Creating and sharing seems to be fundamental to my well-bing, so I have been challenging myself to do so. This week was particularly focused and full- I wrote an application for a theatre support opportunity- these always leave me feeling a little pumped and a little vulnerable. I made a process video for the CURE for FEAR that experiments with clowning and film- is it still clown if I can’t respond to the audience? I participated in a 5 class comedy writing course, my weekly melodrama zoom class and a continued journey of decolonizing myself.
How does one decolonize themselves? My own search for answers has me sourcing podcasts, articles, books, music and art from BIPOC communities and allies. Among asking ourselves- Who am I? Where do I come from? And, who are my people? SAMANTHA MOYO (Deepen Your Understanding of Decolonisation) said something that keeps returning to my mind: GENEROSITY OF SPIRIT. I keep thinking of this as I get caught up in petty privileged complaints such as not having enough “personal space”.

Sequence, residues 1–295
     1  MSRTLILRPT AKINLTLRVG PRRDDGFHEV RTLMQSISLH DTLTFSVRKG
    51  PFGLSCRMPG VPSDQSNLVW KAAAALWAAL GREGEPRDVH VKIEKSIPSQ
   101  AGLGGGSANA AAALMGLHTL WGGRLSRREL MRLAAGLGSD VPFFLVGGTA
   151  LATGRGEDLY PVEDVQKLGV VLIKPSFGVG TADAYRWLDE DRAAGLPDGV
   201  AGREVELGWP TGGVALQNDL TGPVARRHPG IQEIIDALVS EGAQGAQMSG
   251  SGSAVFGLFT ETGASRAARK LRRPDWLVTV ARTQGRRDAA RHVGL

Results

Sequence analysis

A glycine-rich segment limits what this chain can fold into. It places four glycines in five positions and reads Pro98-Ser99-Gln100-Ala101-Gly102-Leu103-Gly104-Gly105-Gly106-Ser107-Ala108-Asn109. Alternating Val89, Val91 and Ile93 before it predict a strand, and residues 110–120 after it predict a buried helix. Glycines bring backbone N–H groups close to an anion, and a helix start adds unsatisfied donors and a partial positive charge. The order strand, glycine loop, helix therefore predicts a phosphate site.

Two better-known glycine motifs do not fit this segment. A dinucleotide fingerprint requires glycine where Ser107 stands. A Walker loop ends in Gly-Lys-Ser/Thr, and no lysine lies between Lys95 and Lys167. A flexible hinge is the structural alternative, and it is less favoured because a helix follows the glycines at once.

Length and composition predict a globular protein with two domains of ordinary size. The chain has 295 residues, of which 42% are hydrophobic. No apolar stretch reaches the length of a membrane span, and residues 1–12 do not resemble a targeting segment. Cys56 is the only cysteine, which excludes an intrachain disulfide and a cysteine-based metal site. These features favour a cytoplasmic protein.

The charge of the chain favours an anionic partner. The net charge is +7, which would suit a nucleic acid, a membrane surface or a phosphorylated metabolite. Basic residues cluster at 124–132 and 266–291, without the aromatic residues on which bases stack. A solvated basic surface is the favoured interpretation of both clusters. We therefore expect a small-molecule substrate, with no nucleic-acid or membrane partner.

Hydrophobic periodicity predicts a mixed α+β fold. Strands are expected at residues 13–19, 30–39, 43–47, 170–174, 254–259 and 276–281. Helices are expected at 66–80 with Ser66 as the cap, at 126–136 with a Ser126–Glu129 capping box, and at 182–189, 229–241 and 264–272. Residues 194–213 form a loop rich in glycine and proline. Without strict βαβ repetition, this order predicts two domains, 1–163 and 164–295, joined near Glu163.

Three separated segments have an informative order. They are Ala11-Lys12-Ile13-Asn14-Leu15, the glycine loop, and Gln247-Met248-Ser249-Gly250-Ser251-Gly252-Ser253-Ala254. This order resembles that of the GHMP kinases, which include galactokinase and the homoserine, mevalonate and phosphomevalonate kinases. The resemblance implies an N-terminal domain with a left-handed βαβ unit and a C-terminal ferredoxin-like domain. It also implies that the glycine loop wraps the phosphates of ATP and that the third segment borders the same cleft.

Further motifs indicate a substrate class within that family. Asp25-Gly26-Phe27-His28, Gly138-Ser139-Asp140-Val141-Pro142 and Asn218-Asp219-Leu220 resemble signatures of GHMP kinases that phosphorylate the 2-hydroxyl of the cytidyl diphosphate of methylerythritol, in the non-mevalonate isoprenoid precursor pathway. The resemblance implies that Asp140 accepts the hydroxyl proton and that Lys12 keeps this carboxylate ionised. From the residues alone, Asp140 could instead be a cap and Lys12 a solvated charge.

- Who am I? – I am a fifth generation settler living as an uninvited guest on the ancestral and unceded territories of the Coast Salish Peoples, including the territories of the xʷməθkwəy̓əm (Musqueam), Skwxwú7mesh (Squamish), and Səl̓ílwətaʔ/Selilwitulh (Tsleil-Waututh) Nations. I identify as a queer woman and an artist.
- Where do I come from? The first settler of my family lineage on Turtle Island married an indigenous woman of the Snuneymuxw First Nation. I was born on the ancestral territories of the Wei Wai Kum peoples which also included the territories of the We Wai Kai, Kwakwaka’wakw, K’ómoks and the Coast Salish peoples. When I opened the website of the Wei Wai Kum it read: “For thousands of years the Wei Wai Kum lived harmoniously with the lands, waters and resources”.
(I acknowledge that this G3 Grandmother is but one of the folx in my lineage, and I am not NOW claiming to be an Indigenous person. I did a dna test this summer and found that I am a mix of French, German, Irish and English heritage including 2.4% Native American. HI GRANDMA!!!!) Having said that, I AM curious, and am using my imagination and creativity to dream about what it might have been like if settlers harmonized with indigenous ways as opposed to colonizing in patriarchal, capitalist and white supremacist ways.
- Who are my people? I’m still figuring out this question as it pertains to my ancestors, but I can say that my people are the artists, healers, visionaries and provocateurs.